Monday, October 19, 2009

The Illusion of Peak Petroleum Production

The United States produces considerably less petroleum per year nowadays that it did back around 1970. Similarly, production is in decline in the North Sea oil fields of Great Britain and Norway. Still, though, global production is holding reasonable steady. What does the future hold? Can we expect new technology to continue to open up new resources - or perhaps it's just some yet hazily perceived geological process that will continue to bubble up new oil fields as fast as we can burn through them.

Speculation on this topic generally focuses on some supposed "peak" in production, a point where petroleum is getting harder to extract at a rate faster than our extraction technology is improving. The peak is the point where petroleum production reaches its maximum, after which production will forever be less than that peak. Knowing when that peak is to occur - or has it already occurred? - should help us plan ahead, or so one common brand of thinking goes.

It seems obvious from a mathematical perspective that petroleum production must have a peak at some point. If one accepts that the time interval over which production occurs is bounded both in the past and in the future, at the very least by the emergence of the planet earth from the debris left by the last local supernova and its disappearance in the thermonuclear fire of the next local supernova, and if we represent production as a series of numbers, perhaps the daily tallies, then some number from that finite set must be the largest. Perhaps that maximum occurs multiple times, but if the tallies are given with sufficient precision the likelihood of a repeated number diminishes to insignificance.

What we're interested in, though, is not the mere existence of that peak, but its timing. That, I want to argue here, is chimeric. At a very practical level, the time of the peak may very easily jump across decades, depending on accounting details buried deep in the footnotes. Once you start to play along, the game is so easy that you will surely be able to generate many more accounting tricks than I will suggest here and you will be able to cause the peak to jump across decades all by yourself. But let me make the first few moves, in case they're not immediately obvious.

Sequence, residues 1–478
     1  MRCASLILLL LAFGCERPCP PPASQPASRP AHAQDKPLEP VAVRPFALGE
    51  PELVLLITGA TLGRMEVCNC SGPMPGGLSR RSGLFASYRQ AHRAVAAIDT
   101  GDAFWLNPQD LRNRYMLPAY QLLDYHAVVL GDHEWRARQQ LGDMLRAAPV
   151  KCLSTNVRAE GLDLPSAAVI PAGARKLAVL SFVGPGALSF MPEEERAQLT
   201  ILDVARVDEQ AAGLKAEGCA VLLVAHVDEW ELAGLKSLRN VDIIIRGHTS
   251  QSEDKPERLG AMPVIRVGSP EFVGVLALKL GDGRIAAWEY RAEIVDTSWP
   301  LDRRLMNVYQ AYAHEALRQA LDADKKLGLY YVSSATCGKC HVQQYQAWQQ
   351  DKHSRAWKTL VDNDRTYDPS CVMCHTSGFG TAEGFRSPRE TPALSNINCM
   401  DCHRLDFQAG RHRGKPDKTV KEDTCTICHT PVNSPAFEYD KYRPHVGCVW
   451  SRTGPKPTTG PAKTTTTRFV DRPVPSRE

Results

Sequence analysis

First, the tally intervals need to be established. This involves setting both their duration and their exact start points. For example, a yearly tally might start on January 1 but perhaps some other date is preferable. Given that production is spread across the globe and undertaken by diverse organizations, the exact start and stop points of the intervals might vary by time zone or by fiscal years in use. The final tally for e.g. 2008 might be the sum of production by all the producing organization, each in their individual fiscal 2008, many of which might be mostly in calendar year 2007.

In any year, the production rates day by day will surely not be constant. One year could have a total production less than some later year, but the first year might easily have a day whose production total exceeds that of any day in the later year.

The sequence of production tallies using one rule for intervals might have several similarly large numbers but only one true maximum. By changing the accounting rules, the numbers will all change a bit, easily by several percent. There won't be an exact correspondence between the two sequences of numbers, because they are defined over different intervals. But if there are two numbers very close in size but quite far apart in timing, a small adjustment can bring the smaller number up a few percent and the larger number down a few percent, so the maximum production tally can be shifted to a very different timing in the sequence.